Flannery O’Connor’s A Good Man Is Hard To Find is a story that is fraught with tension and suspense. The reader is never quite sure what is going to happen next, and O’Connor uses foreshadowing to great effect to keep the reader guessing.
One of the most obvious examples of foreshadowing in the story comes near the beginning, when the grandmother tells Bailey that it would be a good thing if they didn’t find the house they were looking for. This sets up a sense of unease in the reader, as it seems clear that something bad is going to happen.
Later on in the story, there are several instances of foreshadowing that foretell the bloody ending. For example, when the family stops at Red Sammy’s barbecue restaurant, Red Sammy tells them about how he was robbed by a “nigger” who came into his store. This sets up the idea that there is danger lurking, even in seemingly safe places.
Another instance of foreshadowing comes when the grandmother sees the Misfit’s car coming down the road. She has a sense of foreboding and tries to warn Bailey and the others, but it is too late. The Misfit and his gang end up killing everyone in the family.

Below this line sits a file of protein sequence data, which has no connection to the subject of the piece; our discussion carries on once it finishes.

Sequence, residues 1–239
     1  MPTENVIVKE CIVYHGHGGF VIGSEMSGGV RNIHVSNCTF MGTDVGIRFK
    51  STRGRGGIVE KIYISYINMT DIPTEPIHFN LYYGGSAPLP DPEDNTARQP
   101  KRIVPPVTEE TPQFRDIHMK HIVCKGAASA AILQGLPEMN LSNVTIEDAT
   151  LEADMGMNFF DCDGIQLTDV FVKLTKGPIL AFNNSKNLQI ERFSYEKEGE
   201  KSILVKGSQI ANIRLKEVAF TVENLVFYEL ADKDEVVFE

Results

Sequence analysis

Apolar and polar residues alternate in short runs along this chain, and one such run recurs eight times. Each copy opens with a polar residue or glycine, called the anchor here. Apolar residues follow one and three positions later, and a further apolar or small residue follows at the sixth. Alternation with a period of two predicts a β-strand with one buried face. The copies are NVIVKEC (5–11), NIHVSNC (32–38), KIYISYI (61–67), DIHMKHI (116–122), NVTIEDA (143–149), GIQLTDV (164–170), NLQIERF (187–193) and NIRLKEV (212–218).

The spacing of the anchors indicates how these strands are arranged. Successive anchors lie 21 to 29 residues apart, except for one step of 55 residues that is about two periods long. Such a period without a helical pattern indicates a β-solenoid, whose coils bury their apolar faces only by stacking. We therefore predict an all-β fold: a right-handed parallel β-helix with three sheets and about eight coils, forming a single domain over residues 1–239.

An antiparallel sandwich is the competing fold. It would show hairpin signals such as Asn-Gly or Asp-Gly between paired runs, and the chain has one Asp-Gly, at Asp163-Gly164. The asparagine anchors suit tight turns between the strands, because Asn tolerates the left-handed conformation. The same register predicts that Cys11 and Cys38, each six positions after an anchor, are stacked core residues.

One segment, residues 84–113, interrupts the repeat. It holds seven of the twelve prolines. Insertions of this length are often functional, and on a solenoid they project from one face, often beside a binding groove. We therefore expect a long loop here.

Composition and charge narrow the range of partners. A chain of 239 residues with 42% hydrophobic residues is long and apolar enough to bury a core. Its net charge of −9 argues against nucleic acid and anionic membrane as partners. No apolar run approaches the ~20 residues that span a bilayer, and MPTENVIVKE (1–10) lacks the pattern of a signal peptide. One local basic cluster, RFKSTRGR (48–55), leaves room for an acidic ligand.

O’Connor masterfully uses foreshadowing throughout A Good Man Is Hard To Find to keep the reader on edge and create a sense of suspense. By doing so, she creates a story that is both captivating and disturbing.
In Flannery O’Connor’s “A Good Man Is Hard to Find,” the unexpected violence at the tale’s conclusion is striking. However, if one re-reads the tale a second time, certain signals of foreshadowing will emerge. In this narrative, O’Connor utilizes vivid imagery to hint at the characters and situations that occur throughout it. There are three distinct occasions when she employs this method.
The first time is when the family is driving to Florida. Bailey, the father, sees a sign that says “Holly House” and he gets angry and makes his wife turn the car around. He says that he doesn’t want to go to a place called “Holly House.” This foreshadows the events later in the story when the family is actually in “Holly House” and they are killed by The Misfit.
The second time is when the grandmother talks about Jesus saving people from their sins. She tells her granddaughter that Jesus will save them all because he is a good man. This foreshadows the fact that The Misfit, who kills them, believes that he is a good man.
The third time is when the grandmother says that she knows The Misfit is a good man. She says this right before he kills her. This foreshadows the fact that The Misfit is going to kill her.
All of these examples show how O’Connor uses foreshadowing to hint at the events that will occur later in the story. By doing this, she creates a sense of suspense and anticipation for the reader.
O’Connor not only depicts the grandmother’s impending death, but she also foreshadows the deaths of the rest of the family. When they “came upon a cotton field with five or six graves fenced in the center, like a little island,” it was clear that the family’s demise was being foreshadowed.